Documentation and Developer Relations
I wrote technical documentation for PKP's open source software, improving our ability to onboard new contributors and increasing the number of third-party plugins and themes that were developed.
When I joined the Public Knowledge Project, I struggled to understand how their software was structured. Most of the code had been written by two or three developers, and they relied heavily on a shared understanding of the codebase. A class reference document was available, but there was no documentation which described the overall architecture or the choices they had made when designing the application.
As our team grew, I was given a little time to write the documentation that I had wished existed when I started. The result was our main developer documentation, a high-level orientation to the application's architecture. It covered the request lifecycle, routing, authentication and authorization, request handlers, and how we expressed domain concepts as entities and read and wrote them to the data store.
When we introduced a REST API, I adopted
json-schema as a simple mechanism to describe our data objects.
This allowed us to automate some of the validation and read/write operations in our data access objects. The upside was that the entity schemas could be reused in OpenAPI/Swagger, a machine-readable format commonly used to describe REST APIs. From there, it was pretty easy to generate API documentation using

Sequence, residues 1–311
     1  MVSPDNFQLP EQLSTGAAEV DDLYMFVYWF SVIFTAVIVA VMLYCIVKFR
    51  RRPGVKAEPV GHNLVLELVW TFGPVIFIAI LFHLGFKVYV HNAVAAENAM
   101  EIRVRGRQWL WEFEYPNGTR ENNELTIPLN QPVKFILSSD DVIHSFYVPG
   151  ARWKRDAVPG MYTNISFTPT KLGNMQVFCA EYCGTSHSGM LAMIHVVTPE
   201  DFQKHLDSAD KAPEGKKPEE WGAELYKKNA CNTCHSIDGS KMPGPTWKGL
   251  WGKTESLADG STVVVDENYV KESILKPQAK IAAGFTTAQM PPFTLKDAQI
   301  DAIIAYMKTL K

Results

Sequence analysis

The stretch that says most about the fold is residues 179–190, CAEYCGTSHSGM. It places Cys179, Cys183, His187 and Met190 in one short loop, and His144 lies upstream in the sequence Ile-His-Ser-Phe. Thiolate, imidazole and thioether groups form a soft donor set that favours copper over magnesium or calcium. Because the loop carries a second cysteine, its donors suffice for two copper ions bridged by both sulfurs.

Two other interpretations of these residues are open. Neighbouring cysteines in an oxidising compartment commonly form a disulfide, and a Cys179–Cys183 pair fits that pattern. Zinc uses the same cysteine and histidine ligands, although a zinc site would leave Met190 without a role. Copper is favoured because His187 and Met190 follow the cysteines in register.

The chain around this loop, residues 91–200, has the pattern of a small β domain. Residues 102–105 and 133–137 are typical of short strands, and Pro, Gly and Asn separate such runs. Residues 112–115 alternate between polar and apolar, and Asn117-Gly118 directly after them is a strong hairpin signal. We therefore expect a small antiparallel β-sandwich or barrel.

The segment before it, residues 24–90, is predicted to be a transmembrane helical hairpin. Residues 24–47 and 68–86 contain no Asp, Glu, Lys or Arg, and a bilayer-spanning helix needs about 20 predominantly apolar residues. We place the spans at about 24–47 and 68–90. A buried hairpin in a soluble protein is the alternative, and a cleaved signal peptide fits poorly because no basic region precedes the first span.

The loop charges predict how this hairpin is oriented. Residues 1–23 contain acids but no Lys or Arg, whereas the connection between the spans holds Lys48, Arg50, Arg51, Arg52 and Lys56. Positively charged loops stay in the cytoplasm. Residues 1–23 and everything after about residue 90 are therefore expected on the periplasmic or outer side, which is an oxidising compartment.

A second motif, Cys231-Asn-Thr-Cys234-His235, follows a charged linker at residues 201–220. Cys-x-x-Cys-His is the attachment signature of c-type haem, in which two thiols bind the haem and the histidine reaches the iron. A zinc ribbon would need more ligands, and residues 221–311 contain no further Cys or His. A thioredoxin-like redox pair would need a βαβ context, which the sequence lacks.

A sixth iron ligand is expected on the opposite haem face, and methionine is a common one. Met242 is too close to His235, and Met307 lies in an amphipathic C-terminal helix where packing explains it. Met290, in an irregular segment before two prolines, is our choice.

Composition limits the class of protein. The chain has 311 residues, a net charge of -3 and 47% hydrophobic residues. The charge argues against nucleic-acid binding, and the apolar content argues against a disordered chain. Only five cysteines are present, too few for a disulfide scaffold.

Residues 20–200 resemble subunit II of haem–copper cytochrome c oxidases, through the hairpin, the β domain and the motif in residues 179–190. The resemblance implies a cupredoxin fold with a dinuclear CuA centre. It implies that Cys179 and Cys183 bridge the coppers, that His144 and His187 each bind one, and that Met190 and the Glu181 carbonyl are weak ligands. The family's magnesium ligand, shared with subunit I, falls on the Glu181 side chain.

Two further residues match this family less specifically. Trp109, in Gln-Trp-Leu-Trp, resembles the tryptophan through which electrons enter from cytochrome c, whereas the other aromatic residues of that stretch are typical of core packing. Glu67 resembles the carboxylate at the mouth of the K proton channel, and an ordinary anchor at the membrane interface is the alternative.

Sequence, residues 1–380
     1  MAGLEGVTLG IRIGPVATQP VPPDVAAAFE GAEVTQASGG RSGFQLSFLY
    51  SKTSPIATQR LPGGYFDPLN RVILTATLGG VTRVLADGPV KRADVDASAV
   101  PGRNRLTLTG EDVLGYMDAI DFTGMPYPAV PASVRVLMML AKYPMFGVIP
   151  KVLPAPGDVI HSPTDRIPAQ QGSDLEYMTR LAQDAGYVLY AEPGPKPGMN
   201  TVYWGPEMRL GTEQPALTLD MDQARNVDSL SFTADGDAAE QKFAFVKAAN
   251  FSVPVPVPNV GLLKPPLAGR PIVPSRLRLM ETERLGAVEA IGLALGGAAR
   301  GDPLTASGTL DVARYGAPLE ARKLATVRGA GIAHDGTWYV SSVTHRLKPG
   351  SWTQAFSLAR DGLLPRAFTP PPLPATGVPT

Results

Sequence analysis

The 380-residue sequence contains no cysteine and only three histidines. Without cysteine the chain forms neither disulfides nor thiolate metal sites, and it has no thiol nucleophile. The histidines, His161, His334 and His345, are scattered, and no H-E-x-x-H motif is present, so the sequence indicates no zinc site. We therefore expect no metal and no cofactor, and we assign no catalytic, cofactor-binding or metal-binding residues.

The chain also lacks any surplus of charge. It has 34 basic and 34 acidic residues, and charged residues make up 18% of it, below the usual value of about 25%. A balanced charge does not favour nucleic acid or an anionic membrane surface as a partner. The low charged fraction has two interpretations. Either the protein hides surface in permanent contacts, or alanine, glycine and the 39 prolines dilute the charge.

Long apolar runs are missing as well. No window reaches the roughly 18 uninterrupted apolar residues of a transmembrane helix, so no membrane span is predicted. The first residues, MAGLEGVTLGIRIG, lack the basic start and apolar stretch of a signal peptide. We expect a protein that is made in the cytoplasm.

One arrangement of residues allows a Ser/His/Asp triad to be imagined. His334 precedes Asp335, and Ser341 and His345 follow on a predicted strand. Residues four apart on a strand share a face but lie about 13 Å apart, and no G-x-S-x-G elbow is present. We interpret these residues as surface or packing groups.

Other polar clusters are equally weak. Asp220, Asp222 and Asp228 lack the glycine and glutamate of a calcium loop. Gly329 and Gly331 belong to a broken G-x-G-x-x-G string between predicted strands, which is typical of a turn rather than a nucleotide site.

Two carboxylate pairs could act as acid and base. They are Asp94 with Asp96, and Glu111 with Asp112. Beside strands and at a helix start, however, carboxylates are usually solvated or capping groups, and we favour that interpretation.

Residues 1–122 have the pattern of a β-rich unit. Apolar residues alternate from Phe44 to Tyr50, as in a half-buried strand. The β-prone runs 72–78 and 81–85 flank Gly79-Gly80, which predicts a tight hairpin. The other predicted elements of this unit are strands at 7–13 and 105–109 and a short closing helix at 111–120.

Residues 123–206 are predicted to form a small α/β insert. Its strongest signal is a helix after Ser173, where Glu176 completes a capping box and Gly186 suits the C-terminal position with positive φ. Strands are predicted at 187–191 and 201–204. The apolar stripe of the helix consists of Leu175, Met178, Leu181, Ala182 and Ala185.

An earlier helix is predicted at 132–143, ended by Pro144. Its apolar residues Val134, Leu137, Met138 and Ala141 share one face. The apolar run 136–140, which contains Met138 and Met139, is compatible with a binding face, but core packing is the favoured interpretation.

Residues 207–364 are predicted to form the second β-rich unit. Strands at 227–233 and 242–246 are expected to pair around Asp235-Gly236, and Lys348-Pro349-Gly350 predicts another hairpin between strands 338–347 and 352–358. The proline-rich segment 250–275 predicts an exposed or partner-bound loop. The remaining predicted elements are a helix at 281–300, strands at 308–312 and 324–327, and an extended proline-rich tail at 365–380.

As our community grew, we had to find better ways to triage issues and review pull requests. I wrote a contributor's guide which described how to report bugs and propose new features. It also outlined our code style and instructed developers how they should open a pull request.
The part of the contributor's guide that I am most proud of is the section where we describe what to expect from a code review. At PKP, we worked hard to maintain a welcoming community. This section of the guide was written to convey how important it was for us to minimize bike-shedding and other forms of toxic behaviour common in open source tech communities.
Finally, I started and wrote a bimonthly newsletter for developers. The newsletter sought to reach a segment of our community that wasn't active in GitHub issues or our community forum. I shared regular updates on the development team's work, as well as interesting work from the community.
The documentation that I wrote for PKP will probably prove to be some of the most enduring work from my time with the organisation. The number of third-party developers, and the complexity of their customizations, grew a lot in recent years. And best of all, we found that new developers were able to get up to speed quickly and start contributing on difficult issues shortly after joining the team.